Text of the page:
When was the last time I was anxious? Hmmm, let me think. Ten minutes ago? We live in anxious times. Amidst meeting our daily obligations, managing our career goals, and handling pressures placed on us from the outside, it’s no wonder we increasingly accept anxiety as a norm with which we are forced to live. However, we don’t have to let it silently weigh us down and hamper our ability to deal with issues. I’ve found that when I’m feeling any sort of unease, these tips help return me to a place where feelings of calm and peace ultimately prevail over apprehension.
1. Distance yourself from “toxic” people and solidify your support group.
Those you spend the majority of your time with undoubtedly have an influence on your mental well-being. If you routinely find yourself feeling more worried, tired, depressed, or anxious after being around a certain person or group of people—take notice. The people you choose to surround yourself with either recharge your batteries and help enforce feelings of self-worth or exhaust your energy and make it easier for anxiety to prevail.
2. Take a “stay-cation” if you can’t vacation.
No need to worry about lost luggage, expensive airplane tickets, or long layovers. Allowing yourself to take a guilt-free weekend hiatus at home and venture to your “happy place” can ease your emotions and quiet your mind from rushing at a rate of 100 tpm (one hundred thoughts per minute). Even if you don’t have a weekend to devote, forcing yourself to do something you enjoy, whether losing yourself for a few minutes in a compelling novel, busting out your best Beyoncé moves in the privacy of your own room, or singing in the shower, can offer a much-needed escape from pressing concerns—real, imagined, or unnecessarily exaggerated. A brief respite is sometimes all it takes to put things in perspective and restore mental order.
[Related: Why You Should Take a Stay-Cation.]
3. Never underestimate the power of humor.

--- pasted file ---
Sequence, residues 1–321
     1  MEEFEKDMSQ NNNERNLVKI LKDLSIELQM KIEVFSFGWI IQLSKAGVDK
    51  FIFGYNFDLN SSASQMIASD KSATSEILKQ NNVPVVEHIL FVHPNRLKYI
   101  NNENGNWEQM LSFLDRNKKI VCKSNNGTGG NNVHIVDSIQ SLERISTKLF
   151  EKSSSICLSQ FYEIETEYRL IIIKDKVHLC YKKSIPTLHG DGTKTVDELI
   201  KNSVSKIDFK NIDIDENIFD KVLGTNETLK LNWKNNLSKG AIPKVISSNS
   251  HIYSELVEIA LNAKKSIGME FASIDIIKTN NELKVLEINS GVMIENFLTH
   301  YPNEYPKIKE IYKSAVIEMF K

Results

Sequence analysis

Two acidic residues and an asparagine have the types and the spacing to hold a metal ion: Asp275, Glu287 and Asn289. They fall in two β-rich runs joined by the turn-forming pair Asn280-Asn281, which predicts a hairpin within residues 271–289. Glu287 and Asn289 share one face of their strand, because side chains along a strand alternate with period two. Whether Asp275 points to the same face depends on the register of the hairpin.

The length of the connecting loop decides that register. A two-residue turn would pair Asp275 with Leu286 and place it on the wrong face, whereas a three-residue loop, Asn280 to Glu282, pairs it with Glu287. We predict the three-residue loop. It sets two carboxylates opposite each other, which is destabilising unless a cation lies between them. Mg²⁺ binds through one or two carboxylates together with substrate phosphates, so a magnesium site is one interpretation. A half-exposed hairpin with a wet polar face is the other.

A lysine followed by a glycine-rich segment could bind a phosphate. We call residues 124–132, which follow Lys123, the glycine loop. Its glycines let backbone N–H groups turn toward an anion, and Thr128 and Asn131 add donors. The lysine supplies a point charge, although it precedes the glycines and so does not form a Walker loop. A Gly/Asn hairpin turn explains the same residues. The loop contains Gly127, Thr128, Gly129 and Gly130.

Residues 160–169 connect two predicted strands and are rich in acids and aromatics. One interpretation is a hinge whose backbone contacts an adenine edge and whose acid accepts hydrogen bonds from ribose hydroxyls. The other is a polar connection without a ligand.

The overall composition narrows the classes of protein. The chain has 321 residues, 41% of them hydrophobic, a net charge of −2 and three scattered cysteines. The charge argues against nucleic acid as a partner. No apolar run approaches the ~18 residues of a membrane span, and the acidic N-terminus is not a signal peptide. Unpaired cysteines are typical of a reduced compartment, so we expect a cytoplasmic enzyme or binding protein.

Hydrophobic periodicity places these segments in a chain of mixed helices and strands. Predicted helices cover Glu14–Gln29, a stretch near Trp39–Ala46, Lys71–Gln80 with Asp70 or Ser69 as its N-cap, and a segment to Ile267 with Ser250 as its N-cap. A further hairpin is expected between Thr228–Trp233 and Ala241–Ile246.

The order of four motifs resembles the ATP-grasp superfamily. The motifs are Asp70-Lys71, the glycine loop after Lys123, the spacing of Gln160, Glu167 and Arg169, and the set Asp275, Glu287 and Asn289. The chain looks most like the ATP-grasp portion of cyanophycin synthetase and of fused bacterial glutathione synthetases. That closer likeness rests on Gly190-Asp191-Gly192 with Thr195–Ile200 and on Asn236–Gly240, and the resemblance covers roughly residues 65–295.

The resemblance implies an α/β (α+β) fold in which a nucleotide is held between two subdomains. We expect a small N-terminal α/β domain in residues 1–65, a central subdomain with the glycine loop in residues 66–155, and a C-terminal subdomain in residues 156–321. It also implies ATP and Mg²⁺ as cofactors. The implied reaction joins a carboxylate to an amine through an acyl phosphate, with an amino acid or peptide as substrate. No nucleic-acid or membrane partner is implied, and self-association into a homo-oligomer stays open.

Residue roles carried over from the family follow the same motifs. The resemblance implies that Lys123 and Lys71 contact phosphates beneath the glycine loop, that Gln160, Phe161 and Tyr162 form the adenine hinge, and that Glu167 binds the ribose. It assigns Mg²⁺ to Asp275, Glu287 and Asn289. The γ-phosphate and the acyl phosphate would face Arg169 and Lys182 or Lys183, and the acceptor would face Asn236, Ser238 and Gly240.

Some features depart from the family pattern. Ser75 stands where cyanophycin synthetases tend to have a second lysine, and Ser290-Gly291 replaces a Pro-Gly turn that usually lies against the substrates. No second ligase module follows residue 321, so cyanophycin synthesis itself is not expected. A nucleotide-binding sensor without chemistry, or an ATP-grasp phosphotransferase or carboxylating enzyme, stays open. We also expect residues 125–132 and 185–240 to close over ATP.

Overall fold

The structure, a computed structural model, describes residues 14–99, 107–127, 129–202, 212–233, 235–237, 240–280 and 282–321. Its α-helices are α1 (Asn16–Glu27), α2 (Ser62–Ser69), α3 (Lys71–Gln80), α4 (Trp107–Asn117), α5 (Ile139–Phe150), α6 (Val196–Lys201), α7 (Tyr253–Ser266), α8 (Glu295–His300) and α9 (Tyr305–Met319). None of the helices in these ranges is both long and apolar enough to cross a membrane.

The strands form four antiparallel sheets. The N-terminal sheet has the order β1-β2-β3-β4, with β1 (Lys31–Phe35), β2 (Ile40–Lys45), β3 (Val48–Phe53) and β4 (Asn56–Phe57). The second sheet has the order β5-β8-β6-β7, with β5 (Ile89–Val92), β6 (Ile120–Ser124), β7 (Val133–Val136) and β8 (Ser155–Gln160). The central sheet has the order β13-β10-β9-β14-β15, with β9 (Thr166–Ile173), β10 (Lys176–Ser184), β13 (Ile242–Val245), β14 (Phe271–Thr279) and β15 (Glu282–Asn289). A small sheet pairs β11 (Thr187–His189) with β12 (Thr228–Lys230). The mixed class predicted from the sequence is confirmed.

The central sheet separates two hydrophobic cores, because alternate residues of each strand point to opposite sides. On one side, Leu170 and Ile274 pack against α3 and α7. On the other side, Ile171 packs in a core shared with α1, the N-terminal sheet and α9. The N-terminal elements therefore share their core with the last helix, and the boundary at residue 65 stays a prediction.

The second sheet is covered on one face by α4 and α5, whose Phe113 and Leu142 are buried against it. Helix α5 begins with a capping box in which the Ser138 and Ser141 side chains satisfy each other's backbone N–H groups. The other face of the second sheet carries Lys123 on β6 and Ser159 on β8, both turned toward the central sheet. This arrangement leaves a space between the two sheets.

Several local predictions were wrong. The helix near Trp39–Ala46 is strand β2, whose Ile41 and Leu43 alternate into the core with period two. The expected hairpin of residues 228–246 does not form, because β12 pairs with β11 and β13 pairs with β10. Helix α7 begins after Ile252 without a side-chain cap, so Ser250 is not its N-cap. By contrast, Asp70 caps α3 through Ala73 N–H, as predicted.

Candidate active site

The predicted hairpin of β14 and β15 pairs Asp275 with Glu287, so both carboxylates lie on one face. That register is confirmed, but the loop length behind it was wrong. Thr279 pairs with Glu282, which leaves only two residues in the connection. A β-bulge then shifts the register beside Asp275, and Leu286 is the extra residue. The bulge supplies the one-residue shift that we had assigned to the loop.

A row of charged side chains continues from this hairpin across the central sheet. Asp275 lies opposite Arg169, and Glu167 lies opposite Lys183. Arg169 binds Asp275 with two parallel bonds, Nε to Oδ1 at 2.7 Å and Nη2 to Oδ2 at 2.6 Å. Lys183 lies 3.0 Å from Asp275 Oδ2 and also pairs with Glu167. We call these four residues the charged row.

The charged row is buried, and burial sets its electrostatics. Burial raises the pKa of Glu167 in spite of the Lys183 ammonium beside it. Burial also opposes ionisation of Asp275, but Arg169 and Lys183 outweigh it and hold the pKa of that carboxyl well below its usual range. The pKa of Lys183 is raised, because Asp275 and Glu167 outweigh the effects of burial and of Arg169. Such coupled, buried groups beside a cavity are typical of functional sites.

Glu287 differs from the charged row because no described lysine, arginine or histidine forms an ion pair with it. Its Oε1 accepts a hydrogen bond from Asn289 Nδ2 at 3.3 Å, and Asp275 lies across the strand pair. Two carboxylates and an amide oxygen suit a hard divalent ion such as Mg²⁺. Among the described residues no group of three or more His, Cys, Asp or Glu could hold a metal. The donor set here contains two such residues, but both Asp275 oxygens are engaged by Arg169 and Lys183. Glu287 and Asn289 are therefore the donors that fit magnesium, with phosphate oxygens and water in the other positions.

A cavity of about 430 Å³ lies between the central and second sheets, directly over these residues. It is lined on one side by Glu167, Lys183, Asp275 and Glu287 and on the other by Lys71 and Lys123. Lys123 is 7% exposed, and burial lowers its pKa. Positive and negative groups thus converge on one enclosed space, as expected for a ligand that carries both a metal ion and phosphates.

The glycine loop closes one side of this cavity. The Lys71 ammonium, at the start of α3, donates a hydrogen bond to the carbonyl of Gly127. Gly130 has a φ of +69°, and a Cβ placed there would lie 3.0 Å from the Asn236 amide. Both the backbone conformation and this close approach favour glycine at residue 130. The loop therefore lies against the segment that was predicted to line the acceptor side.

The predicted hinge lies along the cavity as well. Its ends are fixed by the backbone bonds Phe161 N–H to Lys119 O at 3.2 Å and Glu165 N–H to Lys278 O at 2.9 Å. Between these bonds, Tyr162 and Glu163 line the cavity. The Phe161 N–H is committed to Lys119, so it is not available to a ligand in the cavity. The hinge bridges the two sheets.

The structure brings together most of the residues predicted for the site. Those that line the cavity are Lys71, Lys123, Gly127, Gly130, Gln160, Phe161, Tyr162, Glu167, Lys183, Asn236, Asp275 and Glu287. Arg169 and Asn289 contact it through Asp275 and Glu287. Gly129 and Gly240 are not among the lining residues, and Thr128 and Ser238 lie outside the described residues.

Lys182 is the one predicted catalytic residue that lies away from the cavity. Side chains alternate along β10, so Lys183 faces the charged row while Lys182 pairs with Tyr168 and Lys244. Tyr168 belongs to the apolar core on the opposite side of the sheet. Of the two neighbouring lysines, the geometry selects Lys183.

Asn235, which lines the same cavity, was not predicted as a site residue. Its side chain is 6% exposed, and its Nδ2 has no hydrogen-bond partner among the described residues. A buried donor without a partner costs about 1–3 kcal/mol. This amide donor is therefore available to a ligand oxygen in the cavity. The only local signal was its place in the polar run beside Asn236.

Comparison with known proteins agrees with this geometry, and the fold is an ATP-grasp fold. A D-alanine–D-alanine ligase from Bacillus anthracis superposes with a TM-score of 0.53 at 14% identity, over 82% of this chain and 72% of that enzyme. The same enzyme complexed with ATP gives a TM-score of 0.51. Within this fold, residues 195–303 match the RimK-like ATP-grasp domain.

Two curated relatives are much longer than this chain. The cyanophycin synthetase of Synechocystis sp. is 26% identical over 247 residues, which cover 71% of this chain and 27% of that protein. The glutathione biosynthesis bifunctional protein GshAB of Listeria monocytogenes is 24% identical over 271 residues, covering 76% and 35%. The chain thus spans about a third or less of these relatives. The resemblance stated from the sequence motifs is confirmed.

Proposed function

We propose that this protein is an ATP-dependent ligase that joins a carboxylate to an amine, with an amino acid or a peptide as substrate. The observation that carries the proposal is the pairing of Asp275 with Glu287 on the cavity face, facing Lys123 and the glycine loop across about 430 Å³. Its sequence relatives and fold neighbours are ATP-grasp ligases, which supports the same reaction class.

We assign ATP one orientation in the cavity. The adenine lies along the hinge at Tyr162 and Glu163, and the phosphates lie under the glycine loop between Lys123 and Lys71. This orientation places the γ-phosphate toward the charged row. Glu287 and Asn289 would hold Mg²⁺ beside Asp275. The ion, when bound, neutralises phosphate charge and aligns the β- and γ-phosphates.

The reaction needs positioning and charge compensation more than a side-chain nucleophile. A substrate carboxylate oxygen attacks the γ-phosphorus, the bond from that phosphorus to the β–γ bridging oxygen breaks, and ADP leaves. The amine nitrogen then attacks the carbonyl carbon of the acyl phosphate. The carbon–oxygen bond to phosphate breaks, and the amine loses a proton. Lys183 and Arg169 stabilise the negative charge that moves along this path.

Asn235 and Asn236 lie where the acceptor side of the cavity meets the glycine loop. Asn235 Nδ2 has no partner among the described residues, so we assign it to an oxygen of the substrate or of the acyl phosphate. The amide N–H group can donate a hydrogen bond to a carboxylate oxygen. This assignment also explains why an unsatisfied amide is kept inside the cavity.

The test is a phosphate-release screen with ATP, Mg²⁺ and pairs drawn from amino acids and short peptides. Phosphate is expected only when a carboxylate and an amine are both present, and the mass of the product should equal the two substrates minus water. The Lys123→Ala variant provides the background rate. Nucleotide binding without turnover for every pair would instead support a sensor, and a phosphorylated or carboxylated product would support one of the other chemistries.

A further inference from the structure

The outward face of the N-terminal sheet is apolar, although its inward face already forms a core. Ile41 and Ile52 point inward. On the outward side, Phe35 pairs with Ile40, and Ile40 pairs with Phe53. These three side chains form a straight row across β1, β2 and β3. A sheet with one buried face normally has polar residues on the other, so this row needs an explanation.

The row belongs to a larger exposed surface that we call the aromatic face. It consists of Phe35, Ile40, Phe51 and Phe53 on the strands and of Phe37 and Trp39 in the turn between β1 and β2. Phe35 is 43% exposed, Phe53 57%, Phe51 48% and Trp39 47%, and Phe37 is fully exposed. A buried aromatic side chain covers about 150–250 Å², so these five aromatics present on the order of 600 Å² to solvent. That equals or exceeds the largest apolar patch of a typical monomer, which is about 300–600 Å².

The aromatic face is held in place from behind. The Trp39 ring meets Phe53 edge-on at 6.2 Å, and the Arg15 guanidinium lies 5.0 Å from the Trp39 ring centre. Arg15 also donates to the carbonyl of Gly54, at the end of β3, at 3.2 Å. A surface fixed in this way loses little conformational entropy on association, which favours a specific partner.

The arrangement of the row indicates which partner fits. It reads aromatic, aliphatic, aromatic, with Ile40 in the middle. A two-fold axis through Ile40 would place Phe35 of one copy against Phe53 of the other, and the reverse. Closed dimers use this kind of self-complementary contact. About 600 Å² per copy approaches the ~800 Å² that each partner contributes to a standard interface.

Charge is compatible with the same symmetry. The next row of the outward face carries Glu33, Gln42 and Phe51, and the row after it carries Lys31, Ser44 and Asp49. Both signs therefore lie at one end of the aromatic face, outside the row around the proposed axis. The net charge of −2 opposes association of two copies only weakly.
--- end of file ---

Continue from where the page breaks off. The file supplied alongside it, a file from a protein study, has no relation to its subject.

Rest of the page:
Next time you find yourself overly anxious or worried, ask yourself whether it truly signals the end of the world and, if not, find a way to make light of the situation. When you make time to laugh and take yourself a little less seriously, you liberate yourself from the pressure to be perfect and subsequently become less susceptible to anxiety.
4. Run toward your fears, not away.
Anxiety often goes hand in hand with the debilitating fear of failure or of the unknown. Instead of running from the things that make us anxious, try attacking them head on. As Gail Fanaro explains, “Once you can know the impact of failing on your life, then the fear becomes very manageable.” Exposing ourselves to our fears can lead us to the realization that our worries are often rooted far from reality and, with this realization, feelings of anxiety that typically arise from a specific situation will become far less paralyzing.
5. Get enough sleep, fuel your body, and break a sweat.
There are a number of studies that cite the beneficial effects of a healthy lifestyle in combating anxiety. Remind yourself that caring for your body doesn’t take crucial time away from your work or other obligations; it’s not a form of self-centered pampering. In fact, it will energize you, making you more productive in the long run. By physically taking care of yourself, you equip your body and mind to better handle day-to-day concerns.
6. Be where you are.
We’ll never get back the time and energy we waste agonizing over circumstances we can’t change. When you feel the grips of anxiety taking hold, acknowledge that these emotions are generally not coming from the immediate present, but rather concerns over the past or future. Repeat a mantra (it doesn’t have to be fancy) to ground yourself when you find your mind wandering to any place but the here and now. Try meditating on this thought: “I am here, and I am okay.”
7. Pride yourself on your adaptability.
Mental flexibility is key to overcoming anxiety. Coupled with fear of the unknown, it’s tempting to try and control every minute detail of our lives and get discouraged when things don’t go exactly as planned. Make a conscious decision to give yourself a break and gracefully accept the fluidity and unpredictability of life, rather than drain your energy obsessing over minor details.
8. Pick up an inspirational book.
Anxiety can affect even the strongest and wisest among us. Engaging in self-help is an act of personal empowerment, not weakness. Books like Gretchen Rubin’s The Happiness Project, Brett Blumenthal’s A Whole New You: Six Steps to Ignite Change for Your Best Life, and Christine Hassler’s Twenty Something, Twenty Everything put matters in perspective, reassure you there are others experiencing similar travails, and are naturally calming.
What are your tips for beating nerves like a pro? Share with us in the comments!
Ask Levo Mentor Maggy Frances Shultz, Founder of Maggy Francis, how she handled anxiety when she was a fashion assistant and how she deals with nerves while she runs her own company!
Photo: Tim Mossholder / Unsplash